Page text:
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Why nearly a quarter of pupils failed controversial Sats semi-colon question

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Marked Spag test papers suggest some pupils were penalised because of the shape of their semi-colons

Almost one in four Year 6 children failed to answer a question about semi-colons correctly in this year’s spelling, punctuation and grammar (Spag) test.

The question asked pupils where to put a semi-colon in the sentence:

"Come and see me tomorrow I will not have time to see you today" 

But it made national news headlines after it emerged that “secret” guidance had been given to markers on the correct size, height and orientation of the semi-colon, and that some pupils who had put the semi-colon in the right place in the sentence did not get the mark.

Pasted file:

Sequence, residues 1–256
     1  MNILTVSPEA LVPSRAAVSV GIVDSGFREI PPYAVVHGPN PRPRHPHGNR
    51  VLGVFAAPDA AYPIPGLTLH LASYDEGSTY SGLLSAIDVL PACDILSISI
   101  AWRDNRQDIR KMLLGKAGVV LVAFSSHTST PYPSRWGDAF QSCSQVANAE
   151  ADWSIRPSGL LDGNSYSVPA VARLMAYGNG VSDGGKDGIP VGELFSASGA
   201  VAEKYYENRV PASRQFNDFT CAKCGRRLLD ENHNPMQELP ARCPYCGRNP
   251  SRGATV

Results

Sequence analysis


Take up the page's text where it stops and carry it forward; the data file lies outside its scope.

Writing consultant Pie Corbett, described the question as an “affront”.

“The basic thing is whether a child knows where the semi-colon goes, and surely we want to credit children with what they know,” he said. “It’s a grammar test, not a calligraphy test.

"If they are being tested on the slope of the comma, everyone needs to know that is what they are being tested on. When people set up testing systems and put things like that in, it's not fair because no-one knew that was being tested and it is ridiculously pedantic.

While many students failed to gain the mark from this question we offer an exclusive service for Young Achievers and have a large amount of experience in teaching English Skills.

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